NEW DELHI: With the tussle between Centre and WhatsApp escalating, and the latter filing a lawsuit against the government on Wednesday, experts felt there are technical difficulties, as mentioned in the petition. Medianama founder and digital rights activist Nikhil Pahwa explained in a Twitter thread that for WhatsApp to enable identifying the originator of even one message, it has to re-architect the entire platform. “This potentially compromises all its users. The court will have to decide if it is proportionate to violate the privacy of everyone to identify one sender of a message,” wrote Pahwa.
The Centre had notified the Information Technology (Intermediary Guidelines and Digital Media Ethics Code) Rules, 2021 in February. Social media intermediaries were given an additional window of three months to fall in line. “The petition has been rightly preferred, as requiring WhatsApp or other social media giants to identify the first originator of the message means breaking the end-to-end encryption.
This violates the fundamental rights of a citizen including privacy, freedom of speech and expression. It may have practical and technical difficulties as referred to as technical infeasibility in the petition. That will require every message to have metadata attached to it,” said cyber lawyer Ankur Raheja. He added a separate legislation may be needed on practicalities of various factors, and to ensure it does not violate fundamental rights.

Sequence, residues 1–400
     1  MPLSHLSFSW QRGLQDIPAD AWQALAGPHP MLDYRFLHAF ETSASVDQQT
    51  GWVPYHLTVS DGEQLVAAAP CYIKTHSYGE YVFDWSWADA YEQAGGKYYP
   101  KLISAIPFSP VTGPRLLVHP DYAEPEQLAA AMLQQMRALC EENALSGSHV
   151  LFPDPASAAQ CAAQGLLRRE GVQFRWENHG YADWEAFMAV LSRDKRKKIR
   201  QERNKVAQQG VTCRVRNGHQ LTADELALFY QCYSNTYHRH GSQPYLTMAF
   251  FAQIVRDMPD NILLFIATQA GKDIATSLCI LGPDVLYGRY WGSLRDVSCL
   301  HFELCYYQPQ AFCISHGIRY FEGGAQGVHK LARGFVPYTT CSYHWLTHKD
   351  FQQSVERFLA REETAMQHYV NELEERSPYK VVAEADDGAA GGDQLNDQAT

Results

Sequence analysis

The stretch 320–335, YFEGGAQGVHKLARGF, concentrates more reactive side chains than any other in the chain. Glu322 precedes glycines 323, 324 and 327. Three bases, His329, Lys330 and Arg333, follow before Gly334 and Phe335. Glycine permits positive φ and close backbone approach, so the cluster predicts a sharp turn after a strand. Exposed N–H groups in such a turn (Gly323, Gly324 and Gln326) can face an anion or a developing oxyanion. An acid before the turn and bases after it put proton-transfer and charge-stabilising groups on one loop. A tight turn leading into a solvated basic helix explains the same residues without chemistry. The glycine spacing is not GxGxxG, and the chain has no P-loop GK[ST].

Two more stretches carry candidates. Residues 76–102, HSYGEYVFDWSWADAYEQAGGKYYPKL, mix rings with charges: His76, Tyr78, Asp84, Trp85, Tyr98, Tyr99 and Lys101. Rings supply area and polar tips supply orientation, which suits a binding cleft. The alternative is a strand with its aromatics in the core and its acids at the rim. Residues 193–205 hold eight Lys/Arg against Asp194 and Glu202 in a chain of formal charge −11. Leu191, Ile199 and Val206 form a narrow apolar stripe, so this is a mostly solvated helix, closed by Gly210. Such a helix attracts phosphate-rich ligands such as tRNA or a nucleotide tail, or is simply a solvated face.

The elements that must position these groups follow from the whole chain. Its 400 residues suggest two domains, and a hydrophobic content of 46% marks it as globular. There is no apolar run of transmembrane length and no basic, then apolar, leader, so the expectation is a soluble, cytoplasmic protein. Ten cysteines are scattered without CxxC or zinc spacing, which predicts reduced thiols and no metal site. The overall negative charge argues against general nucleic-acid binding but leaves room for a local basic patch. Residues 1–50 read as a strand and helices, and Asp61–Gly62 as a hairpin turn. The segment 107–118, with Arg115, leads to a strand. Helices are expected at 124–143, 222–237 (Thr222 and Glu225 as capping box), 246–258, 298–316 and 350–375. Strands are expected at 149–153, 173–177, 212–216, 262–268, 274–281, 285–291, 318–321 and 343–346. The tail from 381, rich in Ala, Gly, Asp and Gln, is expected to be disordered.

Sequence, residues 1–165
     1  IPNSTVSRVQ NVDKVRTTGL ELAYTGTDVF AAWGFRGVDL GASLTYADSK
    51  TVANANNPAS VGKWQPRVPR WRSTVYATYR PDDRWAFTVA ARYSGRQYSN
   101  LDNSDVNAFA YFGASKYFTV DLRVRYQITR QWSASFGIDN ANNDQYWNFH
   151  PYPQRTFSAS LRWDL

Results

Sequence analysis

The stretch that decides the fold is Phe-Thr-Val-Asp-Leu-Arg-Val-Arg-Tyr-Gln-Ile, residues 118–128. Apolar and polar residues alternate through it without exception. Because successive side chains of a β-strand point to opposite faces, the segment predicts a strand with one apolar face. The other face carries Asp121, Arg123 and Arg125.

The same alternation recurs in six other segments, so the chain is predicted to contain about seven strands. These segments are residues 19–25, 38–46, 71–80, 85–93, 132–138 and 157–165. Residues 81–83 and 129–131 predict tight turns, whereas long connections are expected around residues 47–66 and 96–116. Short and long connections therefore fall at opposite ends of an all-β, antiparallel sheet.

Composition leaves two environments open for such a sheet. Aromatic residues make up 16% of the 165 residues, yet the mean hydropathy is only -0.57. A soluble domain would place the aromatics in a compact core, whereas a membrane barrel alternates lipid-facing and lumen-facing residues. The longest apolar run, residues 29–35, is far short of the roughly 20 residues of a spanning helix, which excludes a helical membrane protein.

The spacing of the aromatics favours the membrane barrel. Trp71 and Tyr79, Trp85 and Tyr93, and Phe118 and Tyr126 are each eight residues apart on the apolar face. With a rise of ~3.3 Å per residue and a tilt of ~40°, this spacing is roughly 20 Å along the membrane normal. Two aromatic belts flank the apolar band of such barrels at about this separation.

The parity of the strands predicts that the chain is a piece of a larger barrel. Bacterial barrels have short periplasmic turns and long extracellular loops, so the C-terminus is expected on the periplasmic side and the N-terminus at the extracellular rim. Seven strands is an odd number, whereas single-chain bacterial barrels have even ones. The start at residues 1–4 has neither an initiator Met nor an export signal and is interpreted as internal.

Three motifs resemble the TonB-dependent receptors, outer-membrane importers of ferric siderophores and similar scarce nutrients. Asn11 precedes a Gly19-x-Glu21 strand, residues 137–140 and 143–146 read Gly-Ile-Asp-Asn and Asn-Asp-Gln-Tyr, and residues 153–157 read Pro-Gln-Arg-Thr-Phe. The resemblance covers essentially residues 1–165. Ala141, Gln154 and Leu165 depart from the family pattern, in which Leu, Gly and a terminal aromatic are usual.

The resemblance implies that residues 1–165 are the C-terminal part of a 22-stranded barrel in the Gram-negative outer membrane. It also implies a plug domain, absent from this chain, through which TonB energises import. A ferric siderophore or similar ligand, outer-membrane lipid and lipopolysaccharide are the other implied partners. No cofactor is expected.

Cyber law expert Pavan Duggal pointed out that WhatsApp challenging the rule on the ground of privacy violation represents an important step in the evolving cyberlaw jurisprudence in India. “India is carving out its own distinctive new legal jurisprudence on intermediaries by insisting on the criminal liability of such platforms. Hence, till such time the court doesn’t set aside or stay the operations of the rules, these rules will have to be complied with by all intermediaries,” said Duggal, on non-compliance that can lead to consequences, including intermediaries being liable for punishment.
The Internet Freedom Foundation, an NGO that conducts advocacy on digital rights and liberties, had pointed out the ‘troubling aspects’ of the rules. “This is severely detrimental to the fundamental rights of speech and privacy, since it will essentially undermine end-to end encryption and likely cause a chilling effect on speech in private conversations,” a May 24 post pointed out.